White text on a blue background was generally considered (at the time) as easier to read, and prettier to look at, than plain white-on-black. And if you've sprung for that expensive monitor that can display colors, you want color. So white-on-blue quickly became a de facto standard.

Remember that DOS didn't support styling of text. You couldn't do italics or bold. Instead, applications such as word processors used colors to represent styles. Most text would be displayed as white-on-blue. Bold text was bright-white-on-blue, italics text was often green-on-blue or cyan-on-blue, and headings were often yellow-on-blue. Error messages might appear in white-on-red or black-on-red with the title in bright-white-on-red. Warnings might be black-on-brown or white-on-brown with yellow-on-brown titles. Status lines were frequently black-on-cyan or black-on-white.

Let's examine the contrast ratios of these color combinations:
White on Blue5.71
Bright White on Blue13.29
Yellow on Blue12.45
Green on Blue4.26
Cyan on Blue4.63
Black on Red2.70
White on Red3.33
Bright White on Red7.75
Black on Brown4.00
White on Brown2.25
Yellow on Brown4.91
Black on Cyan7.32
Black on White9.03
The W3C definition of the contrast ratio falls in the range 1 to 21 (typically written 1:1 or 21:1). The higher the contrast ratio, the more the text will stand out against the background. For example, black text on a white background has a contrast ratio of 21:1.

The W3C says body text should have a contrast ratio of at least 4.5:1, with headings at least 3:1. But that seems to be the bare minimum. The W3C also recommends at least 7:1 for body text and at least 4.5:1 for headings.

But it's also important to remember that DOS text was quite large, compared to today's standards. By default, DOS used an 80-column, 25-line display. Even on a modest 15-inch display (not unreasonable for the time) each character is around .15" [3.81mm] wide and .36" [9.144mm] high. That's quite large compared to today's websites that may use 11pt text. (Assuming your DPI is set correctly for your display, if 72pt is an inch, 11pt is about .152" [3.86mm] high.)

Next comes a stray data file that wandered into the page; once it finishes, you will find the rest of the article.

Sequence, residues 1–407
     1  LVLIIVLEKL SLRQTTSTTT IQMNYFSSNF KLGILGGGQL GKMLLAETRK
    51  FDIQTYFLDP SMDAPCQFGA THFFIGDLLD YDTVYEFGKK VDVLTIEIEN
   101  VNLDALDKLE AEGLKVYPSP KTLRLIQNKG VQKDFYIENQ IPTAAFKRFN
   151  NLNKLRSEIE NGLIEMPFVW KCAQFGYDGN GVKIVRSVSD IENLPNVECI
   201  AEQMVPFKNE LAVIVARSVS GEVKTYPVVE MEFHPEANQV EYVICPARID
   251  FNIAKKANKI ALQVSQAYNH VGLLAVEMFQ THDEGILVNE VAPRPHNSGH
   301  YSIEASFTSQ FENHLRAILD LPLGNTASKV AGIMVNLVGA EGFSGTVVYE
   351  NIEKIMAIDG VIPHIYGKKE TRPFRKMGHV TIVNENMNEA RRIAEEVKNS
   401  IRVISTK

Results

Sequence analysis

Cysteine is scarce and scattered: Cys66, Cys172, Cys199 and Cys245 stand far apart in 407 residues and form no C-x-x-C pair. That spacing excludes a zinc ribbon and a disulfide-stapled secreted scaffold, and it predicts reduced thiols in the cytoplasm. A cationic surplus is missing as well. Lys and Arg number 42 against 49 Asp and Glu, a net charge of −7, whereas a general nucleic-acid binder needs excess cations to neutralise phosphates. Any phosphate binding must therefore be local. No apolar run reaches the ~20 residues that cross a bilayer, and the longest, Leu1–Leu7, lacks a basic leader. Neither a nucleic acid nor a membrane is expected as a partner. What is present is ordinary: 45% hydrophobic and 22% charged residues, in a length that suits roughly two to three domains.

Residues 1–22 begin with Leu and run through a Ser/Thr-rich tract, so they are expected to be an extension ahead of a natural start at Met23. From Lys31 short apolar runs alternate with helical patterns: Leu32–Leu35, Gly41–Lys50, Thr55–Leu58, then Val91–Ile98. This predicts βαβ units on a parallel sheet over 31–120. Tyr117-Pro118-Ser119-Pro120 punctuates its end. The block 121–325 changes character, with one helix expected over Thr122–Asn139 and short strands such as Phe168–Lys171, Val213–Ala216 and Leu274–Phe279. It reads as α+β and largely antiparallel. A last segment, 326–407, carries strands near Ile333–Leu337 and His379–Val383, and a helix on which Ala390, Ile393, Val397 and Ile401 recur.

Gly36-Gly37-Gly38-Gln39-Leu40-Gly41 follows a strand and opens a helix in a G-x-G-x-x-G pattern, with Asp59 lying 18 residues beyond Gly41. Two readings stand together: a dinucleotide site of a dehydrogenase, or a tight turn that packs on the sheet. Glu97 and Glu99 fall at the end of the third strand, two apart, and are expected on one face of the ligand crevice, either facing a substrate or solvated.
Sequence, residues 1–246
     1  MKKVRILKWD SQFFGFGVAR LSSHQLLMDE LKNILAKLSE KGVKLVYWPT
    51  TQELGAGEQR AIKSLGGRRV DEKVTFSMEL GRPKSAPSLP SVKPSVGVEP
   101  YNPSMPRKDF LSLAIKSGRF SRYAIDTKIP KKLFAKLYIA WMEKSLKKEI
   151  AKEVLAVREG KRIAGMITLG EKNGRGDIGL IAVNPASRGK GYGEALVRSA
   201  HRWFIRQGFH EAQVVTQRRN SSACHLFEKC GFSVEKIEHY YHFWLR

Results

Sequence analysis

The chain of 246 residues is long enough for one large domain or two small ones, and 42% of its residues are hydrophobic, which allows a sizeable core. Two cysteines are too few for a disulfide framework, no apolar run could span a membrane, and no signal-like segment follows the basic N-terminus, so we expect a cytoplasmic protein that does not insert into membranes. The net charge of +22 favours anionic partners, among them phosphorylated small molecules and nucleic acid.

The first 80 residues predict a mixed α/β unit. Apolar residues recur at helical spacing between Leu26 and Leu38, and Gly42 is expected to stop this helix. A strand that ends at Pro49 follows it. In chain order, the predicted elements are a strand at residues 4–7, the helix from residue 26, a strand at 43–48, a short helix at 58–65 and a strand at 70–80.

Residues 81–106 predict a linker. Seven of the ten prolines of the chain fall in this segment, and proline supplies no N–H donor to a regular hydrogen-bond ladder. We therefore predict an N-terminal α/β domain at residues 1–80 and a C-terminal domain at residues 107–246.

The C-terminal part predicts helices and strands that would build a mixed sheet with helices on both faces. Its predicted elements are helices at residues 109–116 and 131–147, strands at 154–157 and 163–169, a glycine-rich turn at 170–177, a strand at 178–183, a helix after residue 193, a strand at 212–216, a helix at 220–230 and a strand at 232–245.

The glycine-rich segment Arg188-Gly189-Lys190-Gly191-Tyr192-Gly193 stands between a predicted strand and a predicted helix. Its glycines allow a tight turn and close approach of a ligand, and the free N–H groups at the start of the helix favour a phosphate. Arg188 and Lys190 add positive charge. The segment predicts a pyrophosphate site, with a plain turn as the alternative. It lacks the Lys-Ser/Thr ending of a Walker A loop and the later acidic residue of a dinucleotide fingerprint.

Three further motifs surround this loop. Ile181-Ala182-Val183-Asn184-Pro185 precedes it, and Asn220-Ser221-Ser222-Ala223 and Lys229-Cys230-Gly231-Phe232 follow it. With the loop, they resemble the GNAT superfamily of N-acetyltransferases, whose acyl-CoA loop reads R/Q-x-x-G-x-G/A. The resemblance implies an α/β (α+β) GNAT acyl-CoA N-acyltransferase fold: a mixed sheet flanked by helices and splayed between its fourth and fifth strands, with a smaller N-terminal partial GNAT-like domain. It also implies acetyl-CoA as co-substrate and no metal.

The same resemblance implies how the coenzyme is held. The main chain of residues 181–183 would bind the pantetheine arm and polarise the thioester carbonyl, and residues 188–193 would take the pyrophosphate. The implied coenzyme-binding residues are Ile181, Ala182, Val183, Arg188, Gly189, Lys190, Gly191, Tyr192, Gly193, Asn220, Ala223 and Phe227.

With text at that scale, I think that means the minimum contrast ratio for DOS applications can be somewhere between the W3C's recommendations for body text and heading text. Let's assume a round number of about 4:1.

So how do DOS applications stack up? Notice that white-on-blue is a very comfortable 5.71. Actually, in the above examples, all text on the blue background is quite readable. Other colors are quite clear, as well. Only black-on-red (2.70), white-on-red (3.33) and white-on-brown (2.25) fall below the recommended minimum of 4:1.

Let's examine the DOS application screenshots. The FreeDOS 1.2 installer uses black-on-white (9.03) for its main text, with list selection in yellow-on-blue (12.75). The FreeDOS EDIT program uses white-on-blue (5.71) for its main text, with its menu in black-on-white (9.03) and status bar in black-on-cyan (7.32).

The As Easy As spreadsheet used white-on-blue (5.71) for its main text and data enty line, with comments in green-on-blue (4.26) column and row labels in black-on-white (9.03) and black-on-white (9.03) status bar and white-on-black (9.03) hint line.

These are all very easy to read colors, even by today's standards. I'm not suggesting that websites switch to a white-on-blue color scheme, but it is interesting to note that even with a simple color palette, DOS applications were doing okay for readability.